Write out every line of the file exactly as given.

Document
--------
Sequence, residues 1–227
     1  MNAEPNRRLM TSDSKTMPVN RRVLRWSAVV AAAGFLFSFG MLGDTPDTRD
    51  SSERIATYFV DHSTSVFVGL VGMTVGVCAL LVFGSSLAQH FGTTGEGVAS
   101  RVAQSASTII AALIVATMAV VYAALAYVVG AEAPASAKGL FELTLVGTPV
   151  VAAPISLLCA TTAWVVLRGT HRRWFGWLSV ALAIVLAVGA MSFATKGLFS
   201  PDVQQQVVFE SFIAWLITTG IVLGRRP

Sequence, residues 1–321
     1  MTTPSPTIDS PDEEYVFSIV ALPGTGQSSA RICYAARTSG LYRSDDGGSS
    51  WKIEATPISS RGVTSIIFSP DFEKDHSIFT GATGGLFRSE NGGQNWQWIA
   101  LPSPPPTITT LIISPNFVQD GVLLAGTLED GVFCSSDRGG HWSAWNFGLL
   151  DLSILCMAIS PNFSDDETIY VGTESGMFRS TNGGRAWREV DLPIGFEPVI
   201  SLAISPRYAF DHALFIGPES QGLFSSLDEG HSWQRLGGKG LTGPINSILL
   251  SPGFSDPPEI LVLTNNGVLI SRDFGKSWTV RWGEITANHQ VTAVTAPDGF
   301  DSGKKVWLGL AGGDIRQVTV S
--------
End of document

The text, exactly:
Sequence, residues 1–227
     1  MNAEPNRRLM TSDSKTMPVN RRVLRWSAVV AAAGFLFSFG MLGDTPDTRD
    51  SSERIATYFV DHSTSVFVGL VGMTVGVCAL LVFGSSLAQH FGTTGEGVAS
   101  RVAQSASTII AALIVATMAV VYAALAYVVG AEAPASAKGL FELTLVGTPV
   151  VAAPISLLCA TTAWVVLRGT HRRWFGWLSV ALAIVLAVGA MSFATKGLFS
   201  PDVQQQVVFE SFIAWLITTG IVLGRRP

Sequence, residues 1–321
     1  MTTPSPTIDS PDEEYVFSIV ALPGTGQSSA RICYAARTSG LYRSDDGGSS
    51  WKIEATPISS RGVTSIIFSP DFEKDHSIFT GATGGLFRSE NGGQNWQWIA
   101  LPSPPPTITT LIISPNFVQD GVLLAGTLED GVFCSSDRGG HWSAWNFGLL
   151  DLSILCMAIS PNFSDDETIY VGTESGMFRS TNGGRAWREV DLPIGFEPVI
   201  SLAISPRYAF DHALFIGPES QGLFSSLDEG HSWQRLGGKG LTGPINSILL
   251  SPGFSDPPEI LVLTNNGVLI SRDFGKSWTV RWGEITANHQ VTAVTAPDGF
   301  DSGKKVWLGL AGGDIRQVTV S